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Contentions

Magical Thinking About Peace

Danielle Pletka of the American Enterprise Institute provided some incisive testimony last week to a subcommittee of the House Foreign Affairs Committee, warning against the persistent belief that “there is a magical solution to the Israel-Palestine problem – some trick, some person, some formula that will make it all right.”

We have welcomed the return of the PLO to the West Bank and Gaza, the leadership of Yasser Arafat, the leadership of Abu Mazen, the responsible stewardship of Salam Fayyad, the participation of Hamas in elections (that worked out well), various truces and agreements between Israel and the Palestinian Authority and more. We have rushed, serially, to worship at the feet of various Palestinians who we think can “deliver” without regard to their standing in Palestinian society or their actual accomplishments. . . .

American policy goals should be simple and straightforward: An end to the Israeli-Palestinian conflict built on a stable edifice that may, but should not necessarily include a state of Palestine. A relationship with Hamas will not advance those goals, as the raison d’etre of the group is the eradication of the Jewish state. . . .

On the immediate question of aid to the Palestinians, there should be little doubt that UNRWA is central to the problem of manipulation of aid, though other NGOs are culpable as well. For decades, UNRWA has been an unapologetic advocate for Palestinian extremism and an unrelenting Israel detractor. . . . UNRWA schools foment extremism, its employees are not vetted for connections to terrorist groups, its aid has been hijacked . . . . In light of its history of failure – even when graded on pure aid and development scales – it would be wise to revisit its existence. . . .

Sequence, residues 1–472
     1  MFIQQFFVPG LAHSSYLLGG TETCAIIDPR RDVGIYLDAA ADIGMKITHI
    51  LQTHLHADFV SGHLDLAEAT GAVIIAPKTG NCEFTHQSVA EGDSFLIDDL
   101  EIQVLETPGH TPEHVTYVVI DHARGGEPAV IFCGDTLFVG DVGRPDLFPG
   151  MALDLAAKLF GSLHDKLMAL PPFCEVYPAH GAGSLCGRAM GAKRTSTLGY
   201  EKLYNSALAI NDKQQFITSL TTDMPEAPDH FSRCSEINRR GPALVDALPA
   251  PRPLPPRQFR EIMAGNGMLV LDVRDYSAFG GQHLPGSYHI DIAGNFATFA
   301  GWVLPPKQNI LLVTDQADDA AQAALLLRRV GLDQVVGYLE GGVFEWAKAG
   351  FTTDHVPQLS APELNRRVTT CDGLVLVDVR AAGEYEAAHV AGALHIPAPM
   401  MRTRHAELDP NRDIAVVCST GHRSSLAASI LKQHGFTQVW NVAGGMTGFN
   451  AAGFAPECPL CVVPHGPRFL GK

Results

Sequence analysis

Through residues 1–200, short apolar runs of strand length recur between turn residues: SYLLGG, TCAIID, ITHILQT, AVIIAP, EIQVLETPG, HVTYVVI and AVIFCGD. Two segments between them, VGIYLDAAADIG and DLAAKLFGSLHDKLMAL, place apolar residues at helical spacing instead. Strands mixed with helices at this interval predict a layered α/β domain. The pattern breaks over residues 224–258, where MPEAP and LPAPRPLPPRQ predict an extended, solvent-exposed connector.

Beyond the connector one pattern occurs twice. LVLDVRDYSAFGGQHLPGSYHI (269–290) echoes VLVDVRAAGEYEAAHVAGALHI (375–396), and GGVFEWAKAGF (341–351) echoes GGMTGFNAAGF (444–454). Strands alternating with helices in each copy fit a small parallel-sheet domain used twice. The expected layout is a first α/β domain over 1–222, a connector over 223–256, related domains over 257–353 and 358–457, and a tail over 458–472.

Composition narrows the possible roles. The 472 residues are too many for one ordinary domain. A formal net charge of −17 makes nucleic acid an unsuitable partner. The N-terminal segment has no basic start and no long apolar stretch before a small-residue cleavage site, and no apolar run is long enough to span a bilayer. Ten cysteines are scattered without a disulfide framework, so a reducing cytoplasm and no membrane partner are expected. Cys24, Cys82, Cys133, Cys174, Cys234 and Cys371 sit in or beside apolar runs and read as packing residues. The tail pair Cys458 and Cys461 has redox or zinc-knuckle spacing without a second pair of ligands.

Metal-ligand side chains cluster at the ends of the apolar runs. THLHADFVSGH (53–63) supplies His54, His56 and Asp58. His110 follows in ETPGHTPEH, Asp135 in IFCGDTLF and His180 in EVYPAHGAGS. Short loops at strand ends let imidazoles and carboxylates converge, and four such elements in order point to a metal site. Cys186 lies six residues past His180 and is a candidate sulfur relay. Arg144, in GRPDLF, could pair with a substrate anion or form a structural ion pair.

I would like to be able to say that Abu Mazen and Salaam Fayyad represent a new Palestine, but rather they are the old Palestine that looks better only when compared to Hamas. In fact, the Palestinian scene offers little by way of political hope for the future of the Palestinian people. . . .

In the short term, we must push off the question of a solution to the Israel-Palestine problem until we find a solution to the Palestine problem. We must isolate Hamas, and help the Israelis to do so more effectively. . . . We must use the political, economic and military tools available to a great power to penalize Syria, Lebanon, Iran and others who arm and finance Hamas, and we must start any peace-building exercise at the beginning – with the understanding that the only stable peace in the Middle East rests upon a Palestine that is more concerned with jobs and education and less concerned with Zionists.

In the valuable Elliott Abrams interview that Shmuel noted yesterday, Ruthie Blum Leibowitz asked why he had been skeptical of Condoleezza Rice and Ehud Olmert’s optimism that a final-status agreement was in reach, given the conventional wisdom that both sides had long understood the outline of a deal.  Abrams responded in part as follows:

[I]t seemed to me that the opposite view was right: that if everybody knows what a deal has to look like, and year after year and decade after decade, it is not possible to reach it, isn’t it obvious that it’s because neither side wants that deal? . . . . [I]f everybody knows what the options are, and the most Israel can offer is less than the least the Palestinians can accept, the solution is not close at hand. . . .

It did not seem to me then – and it does not seem to me now – that we’re on the verge of a final-status agreement.

The Obama administration seems poised (calling Abu Mazen immediately, promptly appointing George Mitchell as negotiator, increasing Gaza aid, etc.) to push a solution. Pletka’s testimony and Abrams’s interview indicate such an effort will be not only premature but counterproductive.


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